• The Doctor displays superhuman strength after his regeneration as he's able to pound down a thick steel door. He's never been shown displaying such physical strength before or since. In DW: The Green Death the Third Doctor showed immense physical strength. Also, immediately after regenerating, the Fourth Doctor was able to chop a brick in half (DW: Robot).
  • Why would The Master speak with an American accent? Aside from the fact he initially impersonates Bruce and needs to keep his voice constant, his previous takeover of a person's body, DW: The Keeper of Traken resulted in him speaking with the man's voice, so it may be a side-effect of the take over.
  • The Doctor died in his seventh incarnation in the BBC webcast Death Comes to Time. How can he be around to transport the Master's remains? Death Comes to Time is generally considered non-canonical for this reason, although the events of the story are referenced in a couple of novels nonetheless.
  • A popular mistake often pointed out is that the Seventh Doctor holds the sonic screwdriver the wrong way round. However this could be a reason for the Master managing to escape the casket. The series has never been consistent in how the screwdriver has been used. Also, this is the first time a screwdriver had been seen since the Doctor's original one was destroyed in DW: The Visitation so perhaps it worked that way.
  • When the Master was executed, the Daleks sounded completely different to Daleks we have seen in the series? Daleks sound different to other Daleks, if you listen closely to past Dalek stories you can hear the variation of the voice pattern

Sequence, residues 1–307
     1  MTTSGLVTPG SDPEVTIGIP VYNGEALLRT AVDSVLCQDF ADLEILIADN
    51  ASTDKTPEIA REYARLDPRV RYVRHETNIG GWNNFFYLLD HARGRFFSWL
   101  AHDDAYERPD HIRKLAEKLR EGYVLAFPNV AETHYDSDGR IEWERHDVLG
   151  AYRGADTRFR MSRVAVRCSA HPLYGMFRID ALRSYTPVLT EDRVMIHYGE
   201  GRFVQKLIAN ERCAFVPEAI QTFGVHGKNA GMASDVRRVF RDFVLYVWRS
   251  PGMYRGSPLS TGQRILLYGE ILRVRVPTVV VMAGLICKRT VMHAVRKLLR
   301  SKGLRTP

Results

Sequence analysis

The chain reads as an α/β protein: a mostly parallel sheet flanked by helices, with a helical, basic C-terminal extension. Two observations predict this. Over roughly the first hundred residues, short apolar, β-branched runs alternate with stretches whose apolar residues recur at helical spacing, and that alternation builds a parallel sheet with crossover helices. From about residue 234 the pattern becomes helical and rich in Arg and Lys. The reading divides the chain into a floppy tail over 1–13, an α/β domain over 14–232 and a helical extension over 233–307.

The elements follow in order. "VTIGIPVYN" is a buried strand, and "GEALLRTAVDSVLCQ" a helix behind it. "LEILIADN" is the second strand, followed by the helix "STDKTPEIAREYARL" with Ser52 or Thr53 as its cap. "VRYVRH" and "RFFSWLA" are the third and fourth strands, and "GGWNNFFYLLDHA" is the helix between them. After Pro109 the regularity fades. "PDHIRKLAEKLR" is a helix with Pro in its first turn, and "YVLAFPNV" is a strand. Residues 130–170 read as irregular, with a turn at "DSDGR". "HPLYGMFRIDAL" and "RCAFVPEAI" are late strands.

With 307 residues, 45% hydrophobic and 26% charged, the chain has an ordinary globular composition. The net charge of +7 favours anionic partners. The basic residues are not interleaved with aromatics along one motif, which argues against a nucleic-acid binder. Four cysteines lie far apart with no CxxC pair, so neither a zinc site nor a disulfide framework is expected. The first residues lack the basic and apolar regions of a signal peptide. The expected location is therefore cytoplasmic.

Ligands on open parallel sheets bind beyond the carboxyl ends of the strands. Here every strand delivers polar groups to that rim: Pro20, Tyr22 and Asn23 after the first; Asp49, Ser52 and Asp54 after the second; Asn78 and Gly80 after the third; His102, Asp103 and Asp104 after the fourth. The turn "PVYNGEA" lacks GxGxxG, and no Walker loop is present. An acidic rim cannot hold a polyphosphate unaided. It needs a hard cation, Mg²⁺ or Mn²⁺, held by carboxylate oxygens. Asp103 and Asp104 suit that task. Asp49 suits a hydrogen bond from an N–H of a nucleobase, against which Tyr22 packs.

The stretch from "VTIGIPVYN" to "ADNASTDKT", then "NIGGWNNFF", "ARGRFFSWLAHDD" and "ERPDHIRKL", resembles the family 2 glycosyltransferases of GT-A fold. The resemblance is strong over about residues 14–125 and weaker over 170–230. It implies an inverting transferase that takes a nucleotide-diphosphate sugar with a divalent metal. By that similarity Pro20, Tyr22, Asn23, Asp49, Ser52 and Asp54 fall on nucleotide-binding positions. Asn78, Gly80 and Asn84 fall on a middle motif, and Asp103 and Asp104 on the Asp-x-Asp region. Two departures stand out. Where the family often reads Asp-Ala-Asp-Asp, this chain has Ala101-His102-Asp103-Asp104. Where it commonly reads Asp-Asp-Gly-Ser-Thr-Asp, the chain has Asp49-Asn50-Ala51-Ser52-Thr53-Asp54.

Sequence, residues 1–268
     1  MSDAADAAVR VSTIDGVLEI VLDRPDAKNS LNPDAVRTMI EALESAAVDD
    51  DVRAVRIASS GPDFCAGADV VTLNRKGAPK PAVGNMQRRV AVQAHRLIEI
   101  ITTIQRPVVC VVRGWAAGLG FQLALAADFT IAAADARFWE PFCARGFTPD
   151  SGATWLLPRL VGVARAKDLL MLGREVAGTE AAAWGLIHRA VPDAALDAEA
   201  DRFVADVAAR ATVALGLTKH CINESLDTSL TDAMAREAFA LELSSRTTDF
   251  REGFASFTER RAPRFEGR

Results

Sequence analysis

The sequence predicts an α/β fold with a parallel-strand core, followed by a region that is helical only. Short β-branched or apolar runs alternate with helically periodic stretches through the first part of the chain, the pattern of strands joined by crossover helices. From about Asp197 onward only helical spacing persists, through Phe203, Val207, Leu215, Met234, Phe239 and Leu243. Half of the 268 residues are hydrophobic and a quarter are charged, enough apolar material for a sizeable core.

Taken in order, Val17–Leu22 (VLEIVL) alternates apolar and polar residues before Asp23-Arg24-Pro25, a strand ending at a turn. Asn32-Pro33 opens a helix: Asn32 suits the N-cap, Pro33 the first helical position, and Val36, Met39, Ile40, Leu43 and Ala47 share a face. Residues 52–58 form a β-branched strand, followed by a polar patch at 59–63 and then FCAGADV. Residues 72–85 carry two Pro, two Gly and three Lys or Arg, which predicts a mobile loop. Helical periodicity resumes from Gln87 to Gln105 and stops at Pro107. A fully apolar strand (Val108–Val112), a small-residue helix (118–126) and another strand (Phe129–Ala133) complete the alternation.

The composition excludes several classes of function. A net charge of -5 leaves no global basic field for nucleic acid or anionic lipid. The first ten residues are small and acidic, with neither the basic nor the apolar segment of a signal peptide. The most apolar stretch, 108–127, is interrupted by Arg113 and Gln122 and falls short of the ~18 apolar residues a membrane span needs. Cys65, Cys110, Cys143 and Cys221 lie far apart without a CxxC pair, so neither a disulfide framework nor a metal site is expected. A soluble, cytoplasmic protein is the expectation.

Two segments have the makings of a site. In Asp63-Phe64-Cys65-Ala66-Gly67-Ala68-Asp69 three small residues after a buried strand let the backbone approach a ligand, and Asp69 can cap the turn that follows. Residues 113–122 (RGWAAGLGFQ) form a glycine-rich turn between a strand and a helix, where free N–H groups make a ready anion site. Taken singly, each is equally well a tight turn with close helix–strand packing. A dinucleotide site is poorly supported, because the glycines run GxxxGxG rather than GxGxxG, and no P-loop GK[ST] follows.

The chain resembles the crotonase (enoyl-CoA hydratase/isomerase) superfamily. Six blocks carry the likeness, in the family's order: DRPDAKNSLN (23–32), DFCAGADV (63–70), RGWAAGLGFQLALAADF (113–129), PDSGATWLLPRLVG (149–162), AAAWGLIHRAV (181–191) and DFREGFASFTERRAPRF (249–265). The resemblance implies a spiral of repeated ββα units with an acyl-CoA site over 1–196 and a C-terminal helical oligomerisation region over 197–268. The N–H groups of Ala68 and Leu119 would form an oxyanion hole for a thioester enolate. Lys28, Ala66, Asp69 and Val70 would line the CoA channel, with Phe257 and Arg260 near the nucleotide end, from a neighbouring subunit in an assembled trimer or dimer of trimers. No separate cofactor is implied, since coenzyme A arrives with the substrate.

• At the start of the film, why would the Daleks be trying the Master in a court of law for anything, crime or not? Why would the Daleks hold a trial of any kind, much less allow the Doctor, their greatest enemy, to come pick up and then transport the remains of the Master? Russell T Davies writes, in the Doctor Who Annual 2006, that Romana, in her capacity as President of Gallifrey, was in peace negotiations with the Daleks, and that these included The Act of Master Restitution. Though details of this Act are not offered it can be inferred that this involved delivering the Master to the Daleks, on the proviso that he be legally tried, rather than executed outright. The Master's demand that the Doctor return his remains to Gallifrey may have been a legal right that the Daleks, however uncharacteristically, chose to honour. Of course, the Time Lords later resurrected the Master, so who knows?
  • At the beginning, the Doctor sets course for the 'Rassilon Era.' But the Master at that time had not been born yet, let alone died.The Rassilon Era likely denotes the era that the Doctor and the Master are from in much the same way Anno Domini denotes time after the birth of Christ.
  • How did the Master gain the ability to paralyse people with his spit? and why did it not affect Grace so badly? As a part of becoming the snake form, the paralyse spit was an effect.
  • Why were there meteorites in the Vortex? The time vortex, when seen, can be seen as existing in space. Somehow, the time vortex is a physical existance somewhere in the universe, meteors travelling through space can fly into the vortex, only to be deposited at some period in the past or future.